Delphine Lievens, Head of Distribution at Bohemia Media adds:

We’re really delighted to be bringing Donna to audiences across the UK later this year. Donna is such a unique and inspiring figure, and so authentically portrayed by the talented Welsh filmmaking team behind the film.

Audiences can keep up to date with news of the upcoming releases on the Made in Wales section of Film Hub Wales’ website or by following @Filmhubwales on social media. 

Made in Wales is made possible thanks to funding from Creative Wales along with National Lottery funding through the UK-wide BFI Film Audience Network (FAN). As part of FAN, Film Hub Wales develops audiences for British independent and international film year-round, funds in Wales are administered by FHW via Chapter as the Film Hub Lead Organisation.  
More than £30M is raised each week for good causes across the UK by the National Lottery. 

Download the full press release here


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BeFunky Collage
Community Run Cinema Events Reconnect Welsh Neighbourhoods Post Covid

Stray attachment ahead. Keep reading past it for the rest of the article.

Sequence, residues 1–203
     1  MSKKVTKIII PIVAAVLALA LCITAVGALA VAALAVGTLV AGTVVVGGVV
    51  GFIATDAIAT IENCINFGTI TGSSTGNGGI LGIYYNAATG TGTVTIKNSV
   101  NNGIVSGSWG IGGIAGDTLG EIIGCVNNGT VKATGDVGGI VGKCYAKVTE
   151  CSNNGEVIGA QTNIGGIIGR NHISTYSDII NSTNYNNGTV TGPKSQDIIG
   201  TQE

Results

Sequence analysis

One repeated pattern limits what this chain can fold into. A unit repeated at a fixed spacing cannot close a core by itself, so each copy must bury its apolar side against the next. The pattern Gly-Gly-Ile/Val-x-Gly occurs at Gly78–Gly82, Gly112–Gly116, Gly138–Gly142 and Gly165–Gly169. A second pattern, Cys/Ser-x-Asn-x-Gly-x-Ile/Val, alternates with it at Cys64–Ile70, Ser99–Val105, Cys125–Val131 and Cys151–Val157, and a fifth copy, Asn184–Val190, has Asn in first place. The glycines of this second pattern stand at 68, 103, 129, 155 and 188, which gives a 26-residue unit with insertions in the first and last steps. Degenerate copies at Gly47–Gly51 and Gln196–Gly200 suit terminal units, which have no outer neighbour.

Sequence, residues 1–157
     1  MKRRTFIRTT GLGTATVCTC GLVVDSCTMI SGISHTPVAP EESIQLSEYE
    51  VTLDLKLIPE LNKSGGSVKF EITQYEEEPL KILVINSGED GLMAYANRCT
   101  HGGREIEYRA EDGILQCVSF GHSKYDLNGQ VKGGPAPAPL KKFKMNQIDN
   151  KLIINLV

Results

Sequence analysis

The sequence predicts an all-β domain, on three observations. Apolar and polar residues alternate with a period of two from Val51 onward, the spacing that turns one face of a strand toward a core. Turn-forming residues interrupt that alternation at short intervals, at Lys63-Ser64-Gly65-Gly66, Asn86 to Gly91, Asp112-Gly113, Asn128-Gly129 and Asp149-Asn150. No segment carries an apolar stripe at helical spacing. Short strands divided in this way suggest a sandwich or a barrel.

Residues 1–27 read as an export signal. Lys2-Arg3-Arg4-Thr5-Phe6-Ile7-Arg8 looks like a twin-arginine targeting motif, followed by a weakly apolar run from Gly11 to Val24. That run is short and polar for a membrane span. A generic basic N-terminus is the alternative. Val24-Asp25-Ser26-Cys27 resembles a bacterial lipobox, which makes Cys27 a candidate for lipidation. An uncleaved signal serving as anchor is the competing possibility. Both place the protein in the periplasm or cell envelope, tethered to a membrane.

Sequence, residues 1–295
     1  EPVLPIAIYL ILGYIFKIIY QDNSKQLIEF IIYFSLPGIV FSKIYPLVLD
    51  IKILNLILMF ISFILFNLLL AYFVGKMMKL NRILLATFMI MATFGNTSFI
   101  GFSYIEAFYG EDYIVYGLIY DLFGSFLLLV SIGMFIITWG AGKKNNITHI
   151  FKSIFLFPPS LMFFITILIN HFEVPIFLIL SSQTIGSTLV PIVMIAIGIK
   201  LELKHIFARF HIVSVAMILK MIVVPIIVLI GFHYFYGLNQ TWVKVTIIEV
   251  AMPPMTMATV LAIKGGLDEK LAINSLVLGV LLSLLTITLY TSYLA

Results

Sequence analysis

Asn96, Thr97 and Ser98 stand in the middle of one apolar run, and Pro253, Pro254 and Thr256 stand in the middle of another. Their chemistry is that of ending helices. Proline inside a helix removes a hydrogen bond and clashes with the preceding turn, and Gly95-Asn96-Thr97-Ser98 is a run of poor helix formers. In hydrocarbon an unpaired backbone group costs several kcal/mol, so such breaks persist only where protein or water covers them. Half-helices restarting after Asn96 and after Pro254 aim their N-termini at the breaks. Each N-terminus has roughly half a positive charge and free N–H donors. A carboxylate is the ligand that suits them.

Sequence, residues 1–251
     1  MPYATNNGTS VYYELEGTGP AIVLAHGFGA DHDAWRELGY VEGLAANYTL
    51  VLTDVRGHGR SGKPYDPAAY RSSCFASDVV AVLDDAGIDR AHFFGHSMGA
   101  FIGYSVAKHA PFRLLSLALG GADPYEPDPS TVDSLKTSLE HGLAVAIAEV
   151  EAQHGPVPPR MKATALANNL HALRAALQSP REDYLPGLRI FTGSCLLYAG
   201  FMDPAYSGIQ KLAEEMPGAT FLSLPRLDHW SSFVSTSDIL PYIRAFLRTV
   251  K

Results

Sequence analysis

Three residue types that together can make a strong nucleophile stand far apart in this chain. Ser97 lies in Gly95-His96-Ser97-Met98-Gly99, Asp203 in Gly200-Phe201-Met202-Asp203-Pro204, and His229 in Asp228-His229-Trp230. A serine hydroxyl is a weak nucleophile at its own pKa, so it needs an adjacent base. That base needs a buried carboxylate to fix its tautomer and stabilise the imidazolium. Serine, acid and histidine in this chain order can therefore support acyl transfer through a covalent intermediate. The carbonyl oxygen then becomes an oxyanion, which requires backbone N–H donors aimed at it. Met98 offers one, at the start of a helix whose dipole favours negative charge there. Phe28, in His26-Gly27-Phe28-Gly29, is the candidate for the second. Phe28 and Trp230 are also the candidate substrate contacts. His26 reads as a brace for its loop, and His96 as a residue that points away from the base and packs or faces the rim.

10th November 2021

In village halls, libraries, rural arts centres and urban community spaces across Wales, community and volunteer run cinema events are reuniting local people safely through big screen experiences.

The 120 plus community run cinema groups in Wales are often lifelines for audiences who have to travel over half an hour by car, or far greater distances by public transport, to reach their local multiplex or arts centre.  

To support these crucial community services, Film Hub Wales (FHW) is working with venues to offer programme and marketing support. They have also awarded a series of small grants through the BFI Film Audience Network (FAN) Film Exhibition Fund, awarding National Lottery funding, to Welsh community led cinemas and film societies as they reopen post COVID-19. 

Funds will be used to help bring the best UK and international films back to local people, in the neighbourhood cinemas they know and love, including a host of films from Wales. Exhibitors will support wellbeing and reduce isolation created by the pandemic, particularly for older community members who have felt less confident in returning to public events. Community cinemas, who will also be affected by the new COVID pass regulations in Wales, will equally rely on the support and patience of audiences in coming months as they rebuild.